A microanalysis of a participatory action research process with a rural Aboriginal men's health group Academic Article uri icon


  • Our recent paper (Tsey, Patterson, Whiteside, Baird, & Baird, 2002) analysed the early stages of a participatory action research process (PAR) designed to support members of a rural Aboriginal men?s group to take greater control and responsibility for the factors influencing their health and wellbeing. This follow-up paper focusses on key challenges and opportunities associated with the PAR process. Among other things, the paper highlights: a need for training providers and policy-makers to give more attention to the issue of community development skills and how to promote the uptake of such skills more widely in Indigenous settings; the importance of taking a ?solution-focussed approach? in line with the principles of PAR when doing community development work; a need for relevant training and creation of real employment opportunities to be central to strategies designed to support rural Aboriginal men to take their rightful place; a need for the men?s group to promote the broad spectrum of its activities more widely so as to minimise an image problem that the men?s group is only for men having problems; and, above all, an urgent need for the men?s group organisers to play leadership roles through, for example, dialogue with local gay men so as to jointly come up with ideas to make the men?s group more accessible for all men, including gay men.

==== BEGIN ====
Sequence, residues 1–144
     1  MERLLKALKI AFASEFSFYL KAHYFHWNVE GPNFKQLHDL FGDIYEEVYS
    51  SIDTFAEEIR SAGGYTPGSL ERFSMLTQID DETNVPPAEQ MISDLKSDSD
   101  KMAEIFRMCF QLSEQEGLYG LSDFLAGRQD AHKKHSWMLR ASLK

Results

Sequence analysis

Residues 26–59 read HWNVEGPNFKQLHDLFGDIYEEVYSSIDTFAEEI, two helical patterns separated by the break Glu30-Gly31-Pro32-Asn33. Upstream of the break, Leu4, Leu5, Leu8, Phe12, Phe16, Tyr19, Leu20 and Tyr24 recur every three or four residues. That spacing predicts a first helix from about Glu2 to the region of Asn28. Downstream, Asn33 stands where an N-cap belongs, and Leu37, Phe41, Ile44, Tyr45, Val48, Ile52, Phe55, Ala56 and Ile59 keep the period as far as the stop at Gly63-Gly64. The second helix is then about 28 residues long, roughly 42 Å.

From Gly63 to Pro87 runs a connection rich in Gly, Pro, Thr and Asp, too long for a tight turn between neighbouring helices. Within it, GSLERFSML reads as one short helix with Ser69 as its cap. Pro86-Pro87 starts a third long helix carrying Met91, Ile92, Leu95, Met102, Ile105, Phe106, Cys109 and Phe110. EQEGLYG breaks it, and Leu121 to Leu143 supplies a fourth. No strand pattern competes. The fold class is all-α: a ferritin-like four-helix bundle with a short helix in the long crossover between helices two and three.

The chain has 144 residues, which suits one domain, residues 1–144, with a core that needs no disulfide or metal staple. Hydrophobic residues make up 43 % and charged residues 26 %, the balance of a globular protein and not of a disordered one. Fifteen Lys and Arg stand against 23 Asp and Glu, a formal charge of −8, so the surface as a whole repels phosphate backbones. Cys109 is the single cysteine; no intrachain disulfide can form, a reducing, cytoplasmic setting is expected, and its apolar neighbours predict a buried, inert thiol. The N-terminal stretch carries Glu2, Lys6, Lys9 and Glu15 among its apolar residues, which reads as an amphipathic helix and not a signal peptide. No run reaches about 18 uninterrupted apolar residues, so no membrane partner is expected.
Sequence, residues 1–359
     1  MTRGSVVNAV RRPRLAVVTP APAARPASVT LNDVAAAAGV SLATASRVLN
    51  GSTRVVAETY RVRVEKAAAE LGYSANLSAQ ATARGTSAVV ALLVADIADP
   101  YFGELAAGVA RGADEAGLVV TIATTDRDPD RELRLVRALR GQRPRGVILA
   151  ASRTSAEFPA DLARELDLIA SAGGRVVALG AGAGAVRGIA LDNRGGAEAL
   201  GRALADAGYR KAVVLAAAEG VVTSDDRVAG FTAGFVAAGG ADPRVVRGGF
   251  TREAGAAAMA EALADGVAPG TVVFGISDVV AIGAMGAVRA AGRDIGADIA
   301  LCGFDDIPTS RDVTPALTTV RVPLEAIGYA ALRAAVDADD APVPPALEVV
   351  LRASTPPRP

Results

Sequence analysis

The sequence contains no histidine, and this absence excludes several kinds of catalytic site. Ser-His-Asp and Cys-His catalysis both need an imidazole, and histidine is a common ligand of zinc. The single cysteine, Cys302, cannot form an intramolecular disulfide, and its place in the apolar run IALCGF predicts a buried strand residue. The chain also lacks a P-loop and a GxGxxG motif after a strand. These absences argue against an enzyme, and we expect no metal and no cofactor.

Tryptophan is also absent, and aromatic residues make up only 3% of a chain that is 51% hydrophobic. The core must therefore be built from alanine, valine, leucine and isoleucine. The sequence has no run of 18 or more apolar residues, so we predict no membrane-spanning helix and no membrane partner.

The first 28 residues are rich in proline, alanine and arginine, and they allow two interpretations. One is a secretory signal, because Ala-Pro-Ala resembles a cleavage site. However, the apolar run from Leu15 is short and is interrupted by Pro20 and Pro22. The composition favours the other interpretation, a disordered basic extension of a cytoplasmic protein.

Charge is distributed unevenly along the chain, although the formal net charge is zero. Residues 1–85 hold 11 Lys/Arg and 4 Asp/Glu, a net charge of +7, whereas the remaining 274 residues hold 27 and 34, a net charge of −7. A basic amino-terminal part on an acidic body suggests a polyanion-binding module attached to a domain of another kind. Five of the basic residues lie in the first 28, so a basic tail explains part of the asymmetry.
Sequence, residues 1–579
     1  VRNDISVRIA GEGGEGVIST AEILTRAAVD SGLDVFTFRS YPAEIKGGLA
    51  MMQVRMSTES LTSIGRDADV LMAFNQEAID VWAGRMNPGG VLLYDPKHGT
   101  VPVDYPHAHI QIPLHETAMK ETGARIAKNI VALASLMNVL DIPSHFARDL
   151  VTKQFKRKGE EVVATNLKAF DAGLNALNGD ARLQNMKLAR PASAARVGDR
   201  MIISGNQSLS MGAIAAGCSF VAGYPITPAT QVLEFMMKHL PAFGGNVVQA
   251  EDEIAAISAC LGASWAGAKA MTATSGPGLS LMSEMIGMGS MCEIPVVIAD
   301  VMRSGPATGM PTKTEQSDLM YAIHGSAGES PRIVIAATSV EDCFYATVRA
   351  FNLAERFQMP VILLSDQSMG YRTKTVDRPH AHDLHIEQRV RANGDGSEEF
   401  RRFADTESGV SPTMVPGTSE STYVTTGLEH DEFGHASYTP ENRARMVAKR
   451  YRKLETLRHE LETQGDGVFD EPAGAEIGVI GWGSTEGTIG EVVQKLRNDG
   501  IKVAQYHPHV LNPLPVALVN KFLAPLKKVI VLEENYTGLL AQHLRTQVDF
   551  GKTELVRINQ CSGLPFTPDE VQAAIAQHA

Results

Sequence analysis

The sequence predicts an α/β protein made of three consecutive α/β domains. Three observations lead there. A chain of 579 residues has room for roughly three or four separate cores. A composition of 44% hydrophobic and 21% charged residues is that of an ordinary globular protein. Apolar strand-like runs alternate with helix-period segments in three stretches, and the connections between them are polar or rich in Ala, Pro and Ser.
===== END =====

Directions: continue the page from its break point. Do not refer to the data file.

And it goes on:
• Tsey, Komla
  • Patterson, David
  • Whiteside, Mary
  • Baird, Leslie
  • Baird, Bradley
  • Tsey, Kwame

publication date

  • 2004